What Kids Need: Music
Not just music, playing an instrument or learning to sing. As a high school band director for many years, I can say with authority that the kids involved in band, orchestra, or choir are good. They often take private lessons and practice their craft at home. Because playing an instrument takes many years, it teaches kids perseverance, the self-discipline of regular practice, and delayed gratification. I always said that you have to pay your dues if you want to get great at something. It might be athletics or other such high-level participation, but it is always the sum-total of years of practice. These skills stay with kids for life. Search Institute reports from their five-million surveys of young people that only 27% of youth surveyed have this asset in their lives.
Encourage your kids to participate in music, teach them that it is a long-term commitment and that they need to stick with it. I started playing the piano when I was about eight years old. There were many times that I wanted to quit. I liked how my dad taught me to stick with something. He never told me I couldn’t stop, he always said I could stop, but the underlying message was that you needed to stay with it. I did stay with it, and today, I still play the piano. So many of my friends will hear me play and say, I wish I could play like that. I often reply, no, you don’t, or you would play like that. They look confused and then understand that it takes commitments, long-term effort, perseverance, determination, and the knowledge that you are getting better and better.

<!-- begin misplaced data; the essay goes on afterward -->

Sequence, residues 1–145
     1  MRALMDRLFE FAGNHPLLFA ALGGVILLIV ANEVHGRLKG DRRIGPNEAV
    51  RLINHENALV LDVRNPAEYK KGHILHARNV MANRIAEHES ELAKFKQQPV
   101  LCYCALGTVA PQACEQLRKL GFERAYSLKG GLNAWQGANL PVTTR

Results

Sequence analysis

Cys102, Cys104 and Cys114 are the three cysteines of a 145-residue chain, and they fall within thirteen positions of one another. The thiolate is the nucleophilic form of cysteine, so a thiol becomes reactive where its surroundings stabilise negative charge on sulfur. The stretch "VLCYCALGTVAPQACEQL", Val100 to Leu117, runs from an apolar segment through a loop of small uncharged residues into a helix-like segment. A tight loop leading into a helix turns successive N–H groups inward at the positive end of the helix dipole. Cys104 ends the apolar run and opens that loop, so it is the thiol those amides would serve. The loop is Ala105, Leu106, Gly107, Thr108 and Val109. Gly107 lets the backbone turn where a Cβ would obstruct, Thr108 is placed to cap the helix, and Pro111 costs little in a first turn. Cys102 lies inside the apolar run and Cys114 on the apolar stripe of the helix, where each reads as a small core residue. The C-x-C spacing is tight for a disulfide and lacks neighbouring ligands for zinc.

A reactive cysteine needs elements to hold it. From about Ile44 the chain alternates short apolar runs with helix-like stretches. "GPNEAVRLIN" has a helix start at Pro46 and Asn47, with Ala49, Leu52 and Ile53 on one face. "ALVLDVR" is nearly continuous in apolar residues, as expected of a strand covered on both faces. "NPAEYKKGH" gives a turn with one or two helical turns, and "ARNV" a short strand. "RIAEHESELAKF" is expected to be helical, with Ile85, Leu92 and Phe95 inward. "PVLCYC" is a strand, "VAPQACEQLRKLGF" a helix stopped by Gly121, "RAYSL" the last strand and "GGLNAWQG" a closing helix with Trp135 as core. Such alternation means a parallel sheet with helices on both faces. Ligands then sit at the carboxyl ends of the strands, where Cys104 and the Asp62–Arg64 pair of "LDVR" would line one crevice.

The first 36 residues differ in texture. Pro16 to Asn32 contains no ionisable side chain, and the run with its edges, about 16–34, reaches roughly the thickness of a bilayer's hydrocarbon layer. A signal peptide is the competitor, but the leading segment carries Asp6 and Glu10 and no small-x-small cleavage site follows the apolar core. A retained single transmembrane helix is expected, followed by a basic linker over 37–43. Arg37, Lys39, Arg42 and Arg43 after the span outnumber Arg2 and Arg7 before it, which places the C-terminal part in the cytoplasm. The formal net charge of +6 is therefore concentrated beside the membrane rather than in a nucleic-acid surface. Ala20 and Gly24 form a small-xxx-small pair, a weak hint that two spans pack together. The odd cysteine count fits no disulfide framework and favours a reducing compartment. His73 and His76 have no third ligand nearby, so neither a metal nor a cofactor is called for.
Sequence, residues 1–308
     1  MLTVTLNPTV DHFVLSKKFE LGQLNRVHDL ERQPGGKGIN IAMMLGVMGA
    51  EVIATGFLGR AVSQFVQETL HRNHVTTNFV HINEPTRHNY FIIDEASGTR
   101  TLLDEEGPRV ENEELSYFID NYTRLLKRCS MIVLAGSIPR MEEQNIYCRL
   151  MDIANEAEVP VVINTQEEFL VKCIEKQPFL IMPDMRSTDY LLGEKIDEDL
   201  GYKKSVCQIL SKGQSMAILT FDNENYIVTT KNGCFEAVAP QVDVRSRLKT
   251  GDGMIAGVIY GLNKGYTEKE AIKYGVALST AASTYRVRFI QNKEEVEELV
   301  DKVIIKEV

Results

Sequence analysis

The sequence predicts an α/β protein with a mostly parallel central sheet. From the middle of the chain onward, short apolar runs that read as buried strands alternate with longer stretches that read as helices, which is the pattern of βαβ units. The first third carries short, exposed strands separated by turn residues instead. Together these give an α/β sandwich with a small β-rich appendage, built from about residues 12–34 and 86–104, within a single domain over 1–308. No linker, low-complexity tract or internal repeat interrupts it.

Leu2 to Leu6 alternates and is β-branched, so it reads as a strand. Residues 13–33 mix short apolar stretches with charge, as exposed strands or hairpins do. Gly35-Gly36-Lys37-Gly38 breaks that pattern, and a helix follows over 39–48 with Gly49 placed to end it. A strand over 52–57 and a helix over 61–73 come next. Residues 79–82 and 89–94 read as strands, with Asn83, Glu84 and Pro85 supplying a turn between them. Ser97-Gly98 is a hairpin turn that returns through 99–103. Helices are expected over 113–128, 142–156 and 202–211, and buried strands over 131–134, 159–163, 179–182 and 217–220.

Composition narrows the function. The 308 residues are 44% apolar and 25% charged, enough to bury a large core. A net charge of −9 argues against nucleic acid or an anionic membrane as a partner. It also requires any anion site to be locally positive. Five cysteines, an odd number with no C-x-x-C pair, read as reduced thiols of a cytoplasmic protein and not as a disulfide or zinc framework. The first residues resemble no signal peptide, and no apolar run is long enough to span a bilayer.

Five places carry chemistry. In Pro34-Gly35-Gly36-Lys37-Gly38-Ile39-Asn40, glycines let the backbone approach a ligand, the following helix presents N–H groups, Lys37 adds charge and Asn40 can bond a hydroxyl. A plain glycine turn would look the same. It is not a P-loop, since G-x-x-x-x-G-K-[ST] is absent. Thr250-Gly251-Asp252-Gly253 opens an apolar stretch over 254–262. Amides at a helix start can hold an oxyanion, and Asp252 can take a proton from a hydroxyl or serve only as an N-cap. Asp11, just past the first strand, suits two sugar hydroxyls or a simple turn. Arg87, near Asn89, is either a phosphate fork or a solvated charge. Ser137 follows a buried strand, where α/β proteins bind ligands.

Encourage your kids to practice even into high school. Attend concerts and let them know that some of the benefits of playing an instrument for many years. Let kids choose their instrument because when pushed to play an instrument in the family or because someone wants them to play it, they will give up when the going gets tough. My father, although he worked at night, he always attended our concerts. I encourage parents to be sure to make time to be at all the performances. There aren’t that many of them, but kids know if their parents support their ongoing efforts. I played the drums as well, and my parents never complained about the noise or the volume. They were very tolerant, even to the point when I played in a rock band, we practiced at our house, and my dad had the basement rewired to accommodate the power needs. When parents make an extra effort, such as this, kids remember that forever.
Explore different types of music with your kids, classical, ethnic, country, rock, modern popular music, and be willing to listen to it with your kids. Make some positive comments, like he has a tremendous high register with his voice. Finally, take your kids to live performances of all kinds. My parents always bought tickets to the Community Concert Series in our town, and we attended the symphony orchestra concerts at the college, with whom I eventually played percussion. Involvement with music takes close parenting and lots of encouragement for kids to stick with it. The benefits are for a lifetime, and the character development will serve them all through their life.
Parents can connect with their kids in many ways, find out here Connect With Kids – Dr. Rich Patterson (pattersonphd.com)
Strengthening Parent/Child relationships is a lifelong project, here are some ideas How to Strengthen Parent-Child Relationships (verywellfamily.com)
Yours for Better Parenting,